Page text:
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India’s supply chain and logistics costs account for 14% of GDP

The crisis has also necessitated the reimagination and redesign of supply chain management after businesses underwent digital transformation. 

Published: 19th December 2020 03:15 AM  |   Last Updated: 19th December 2020 11:32 AM   |  A+A-

By Express News Service

BENGALURU: India’s supply chain and logistics costs currently account for 14 per cent of the country’s GDP at a massive $400 billion, compared to global average of approximately 8 per cent, says a report by Arthur D. Little India released in collaboration with CII.

According to the report, there is a competitiveness gap of $180 billion in the sector, and this is expected to increase to $500 billion by 2030 if the inefficiencies in the supply chain are not addressed. The World Bank Logistics Index released in 2018, for instance, ranked India 44th-far behind the US at 14 and China at 26. Other countries in the region, such as Thailand and Vietnam, also have high logistics costs.

The report also noted that the Covid-19 pandemic has further laid bare the weaknesses in the logistics industry-with 75 per cent of companies in the sector experiencing disruptions and a majority lacking a contingency plan to deal with a problem of such magnitude. The crisis has also necessitated the reimagination and redesign of supply chain management after businesses underwent digital transformation.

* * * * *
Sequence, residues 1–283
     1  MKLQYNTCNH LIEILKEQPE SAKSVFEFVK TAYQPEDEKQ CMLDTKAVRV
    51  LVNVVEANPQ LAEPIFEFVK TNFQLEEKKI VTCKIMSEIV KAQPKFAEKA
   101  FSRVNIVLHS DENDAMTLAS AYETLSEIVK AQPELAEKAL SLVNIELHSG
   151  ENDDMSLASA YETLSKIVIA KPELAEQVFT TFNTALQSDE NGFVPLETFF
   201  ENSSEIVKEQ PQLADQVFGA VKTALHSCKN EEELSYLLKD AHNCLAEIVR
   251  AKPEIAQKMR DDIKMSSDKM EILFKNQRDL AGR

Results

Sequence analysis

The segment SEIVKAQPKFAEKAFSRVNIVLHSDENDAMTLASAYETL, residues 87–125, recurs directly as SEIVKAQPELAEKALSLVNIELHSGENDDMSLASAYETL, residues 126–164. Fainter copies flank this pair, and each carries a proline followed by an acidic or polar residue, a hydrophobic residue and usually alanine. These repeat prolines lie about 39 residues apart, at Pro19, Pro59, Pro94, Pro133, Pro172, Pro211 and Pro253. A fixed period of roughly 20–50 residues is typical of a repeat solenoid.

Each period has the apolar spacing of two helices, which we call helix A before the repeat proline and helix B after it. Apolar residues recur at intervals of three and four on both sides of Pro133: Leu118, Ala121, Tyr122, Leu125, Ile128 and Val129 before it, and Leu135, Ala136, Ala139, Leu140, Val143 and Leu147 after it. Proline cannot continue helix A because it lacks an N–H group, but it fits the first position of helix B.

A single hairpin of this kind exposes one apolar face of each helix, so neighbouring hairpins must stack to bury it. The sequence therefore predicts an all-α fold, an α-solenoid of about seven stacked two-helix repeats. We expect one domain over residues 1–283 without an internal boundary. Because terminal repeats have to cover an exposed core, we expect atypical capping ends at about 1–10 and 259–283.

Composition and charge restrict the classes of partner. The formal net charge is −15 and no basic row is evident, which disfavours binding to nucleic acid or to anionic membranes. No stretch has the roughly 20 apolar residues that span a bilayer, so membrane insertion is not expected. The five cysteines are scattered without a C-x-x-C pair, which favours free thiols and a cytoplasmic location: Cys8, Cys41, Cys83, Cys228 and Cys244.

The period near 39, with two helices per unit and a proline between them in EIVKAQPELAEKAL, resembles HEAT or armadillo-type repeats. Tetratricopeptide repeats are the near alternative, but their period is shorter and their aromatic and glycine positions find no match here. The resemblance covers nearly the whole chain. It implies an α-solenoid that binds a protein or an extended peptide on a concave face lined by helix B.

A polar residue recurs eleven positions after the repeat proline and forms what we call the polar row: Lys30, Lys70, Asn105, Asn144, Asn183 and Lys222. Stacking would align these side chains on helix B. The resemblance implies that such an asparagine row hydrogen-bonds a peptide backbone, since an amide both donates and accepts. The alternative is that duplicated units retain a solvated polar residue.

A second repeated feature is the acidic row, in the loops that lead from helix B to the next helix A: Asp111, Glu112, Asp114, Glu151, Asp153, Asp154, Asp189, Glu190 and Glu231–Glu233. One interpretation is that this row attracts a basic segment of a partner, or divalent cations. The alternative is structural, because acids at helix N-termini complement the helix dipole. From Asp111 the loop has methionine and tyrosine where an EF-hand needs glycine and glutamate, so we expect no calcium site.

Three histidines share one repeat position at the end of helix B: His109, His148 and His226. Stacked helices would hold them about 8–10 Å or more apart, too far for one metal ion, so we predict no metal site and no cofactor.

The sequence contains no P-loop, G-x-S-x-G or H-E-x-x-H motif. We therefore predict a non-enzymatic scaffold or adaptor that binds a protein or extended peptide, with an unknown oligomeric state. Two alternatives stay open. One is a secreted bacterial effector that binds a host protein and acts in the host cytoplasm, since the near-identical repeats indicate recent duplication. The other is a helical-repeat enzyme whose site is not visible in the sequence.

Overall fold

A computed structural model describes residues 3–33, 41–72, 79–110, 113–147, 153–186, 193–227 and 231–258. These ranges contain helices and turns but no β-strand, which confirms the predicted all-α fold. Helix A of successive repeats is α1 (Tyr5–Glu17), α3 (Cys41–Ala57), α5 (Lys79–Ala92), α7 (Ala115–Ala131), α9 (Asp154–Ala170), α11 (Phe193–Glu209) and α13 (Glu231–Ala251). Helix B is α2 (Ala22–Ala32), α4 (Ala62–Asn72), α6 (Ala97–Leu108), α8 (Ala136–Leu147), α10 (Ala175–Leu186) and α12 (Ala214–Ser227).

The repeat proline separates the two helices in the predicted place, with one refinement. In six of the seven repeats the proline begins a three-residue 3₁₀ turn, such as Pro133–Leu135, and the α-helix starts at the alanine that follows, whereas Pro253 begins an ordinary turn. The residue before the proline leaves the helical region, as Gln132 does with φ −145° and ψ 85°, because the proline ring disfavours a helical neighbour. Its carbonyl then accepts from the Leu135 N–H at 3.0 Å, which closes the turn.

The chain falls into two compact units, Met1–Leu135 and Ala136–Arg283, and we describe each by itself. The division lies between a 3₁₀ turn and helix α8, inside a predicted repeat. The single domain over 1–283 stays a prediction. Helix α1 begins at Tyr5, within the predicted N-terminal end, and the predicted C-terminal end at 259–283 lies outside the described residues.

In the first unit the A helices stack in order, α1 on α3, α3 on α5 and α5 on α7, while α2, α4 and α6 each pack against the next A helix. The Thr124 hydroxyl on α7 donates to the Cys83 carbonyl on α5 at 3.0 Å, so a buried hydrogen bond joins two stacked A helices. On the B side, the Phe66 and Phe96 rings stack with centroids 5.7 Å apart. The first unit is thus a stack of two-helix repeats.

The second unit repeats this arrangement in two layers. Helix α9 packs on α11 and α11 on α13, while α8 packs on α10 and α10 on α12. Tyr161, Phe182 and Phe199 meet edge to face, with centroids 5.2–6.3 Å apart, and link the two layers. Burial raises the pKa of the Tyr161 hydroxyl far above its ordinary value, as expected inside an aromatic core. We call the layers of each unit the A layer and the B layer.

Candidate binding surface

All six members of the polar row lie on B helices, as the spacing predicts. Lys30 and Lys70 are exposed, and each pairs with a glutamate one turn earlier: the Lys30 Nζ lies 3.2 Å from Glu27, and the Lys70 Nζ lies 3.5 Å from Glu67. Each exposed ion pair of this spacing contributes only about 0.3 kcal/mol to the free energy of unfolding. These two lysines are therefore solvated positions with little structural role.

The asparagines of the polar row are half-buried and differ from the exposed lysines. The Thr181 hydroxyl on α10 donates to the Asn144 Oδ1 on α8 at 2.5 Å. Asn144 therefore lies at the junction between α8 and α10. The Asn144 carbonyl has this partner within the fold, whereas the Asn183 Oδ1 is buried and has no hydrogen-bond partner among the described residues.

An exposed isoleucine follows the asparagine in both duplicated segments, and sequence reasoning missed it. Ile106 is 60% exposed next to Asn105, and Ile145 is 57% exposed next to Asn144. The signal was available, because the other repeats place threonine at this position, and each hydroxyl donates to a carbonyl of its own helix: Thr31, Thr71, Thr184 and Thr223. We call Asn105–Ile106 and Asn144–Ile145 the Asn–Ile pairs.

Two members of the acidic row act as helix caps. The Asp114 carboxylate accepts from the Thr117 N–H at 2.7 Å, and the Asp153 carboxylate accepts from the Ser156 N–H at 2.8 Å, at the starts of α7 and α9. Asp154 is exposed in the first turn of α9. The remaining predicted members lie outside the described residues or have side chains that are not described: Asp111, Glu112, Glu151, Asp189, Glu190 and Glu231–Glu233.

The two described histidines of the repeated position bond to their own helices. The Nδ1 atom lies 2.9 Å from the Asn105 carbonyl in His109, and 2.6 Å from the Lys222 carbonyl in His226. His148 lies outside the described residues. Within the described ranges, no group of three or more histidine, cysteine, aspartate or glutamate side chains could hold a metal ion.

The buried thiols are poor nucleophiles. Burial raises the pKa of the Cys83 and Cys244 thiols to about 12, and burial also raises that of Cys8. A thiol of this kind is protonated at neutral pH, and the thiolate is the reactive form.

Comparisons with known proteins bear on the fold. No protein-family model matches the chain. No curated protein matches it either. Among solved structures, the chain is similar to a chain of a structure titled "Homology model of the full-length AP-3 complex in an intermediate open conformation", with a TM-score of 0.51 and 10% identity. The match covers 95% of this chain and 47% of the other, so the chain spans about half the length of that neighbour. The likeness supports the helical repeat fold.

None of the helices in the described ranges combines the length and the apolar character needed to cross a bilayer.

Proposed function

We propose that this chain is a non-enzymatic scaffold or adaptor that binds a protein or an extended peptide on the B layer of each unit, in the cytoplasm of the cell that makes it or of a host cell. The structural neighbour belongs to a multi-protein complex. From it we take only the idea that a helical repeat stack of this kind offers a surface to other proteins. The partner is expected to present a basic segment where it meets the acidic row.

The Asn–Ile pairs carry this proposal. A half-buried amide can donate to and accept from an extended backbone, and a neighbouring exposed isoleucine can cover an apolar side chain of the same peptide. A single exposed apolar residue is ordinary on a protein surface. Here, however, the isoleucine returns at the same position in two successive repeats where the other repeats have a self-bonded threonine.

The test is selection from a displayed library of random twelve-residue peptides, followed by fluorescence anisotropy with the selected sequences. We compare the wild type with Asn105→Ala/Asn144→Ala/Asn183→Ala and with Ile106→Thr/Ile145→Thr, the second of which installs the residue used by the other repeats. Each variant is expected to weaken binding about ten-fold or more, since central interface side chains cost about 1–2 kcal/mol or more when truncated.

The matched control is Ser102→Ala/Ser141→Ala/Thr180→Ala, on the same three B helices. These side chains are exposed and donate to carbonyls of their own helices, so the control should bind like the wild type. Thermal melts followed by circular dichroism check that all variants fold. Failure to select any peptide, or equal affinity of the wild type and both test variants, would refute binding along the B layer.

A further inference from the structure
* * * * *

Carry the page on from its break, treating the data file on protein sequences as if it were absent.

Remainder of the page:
Meanwhile, an excessive dependence on transportation by road and the under-utilisation of waterways, rail, and sea networks, coupled with poor infrastructure, has ballooned costs for the supply chain industry. The lack of technology adoption has also proven detrimental, adding to the competitiveness gap between India and its peers. The slow adoption of supply chain technology, including artificial intelligence, blockchain, and IoT, remains a major shortcoming, the report noted. 

Another factor is the absence of leading players in the industry as well as clear regulations, which has prevented the growth of the sector with small and fragmented businesses at a cost disadvantage. And India’s huge unorganised retail sector, with nearly 12 million kirana stores, has contributed to a convoluted supply chain. 

Barnik Chitran Maitra, lead author of the report and managing partner of Arthur D. Little India and South Asia said that to bridge the current competitiveness gap of $180 billion, India needs to halve logistics cost from 14 per cent of GDP to 7 per cent. “The supply chain industry in India needs to be reimagined and efforts need to be made to move towards creating an optimized and digitized logistics ecosystem, a delayered distribution system and a green, resilient and flexible supply chain,” he said.

Covid kickstarts evolution in logistics sector
The Covid-19 pandemic has disrupted the working of 75 per cent of companies in the sector, with the majority lacking a contingency plan. The crisis has also necessitated the reimagination and redesign of current business models and many firms have digitised operations



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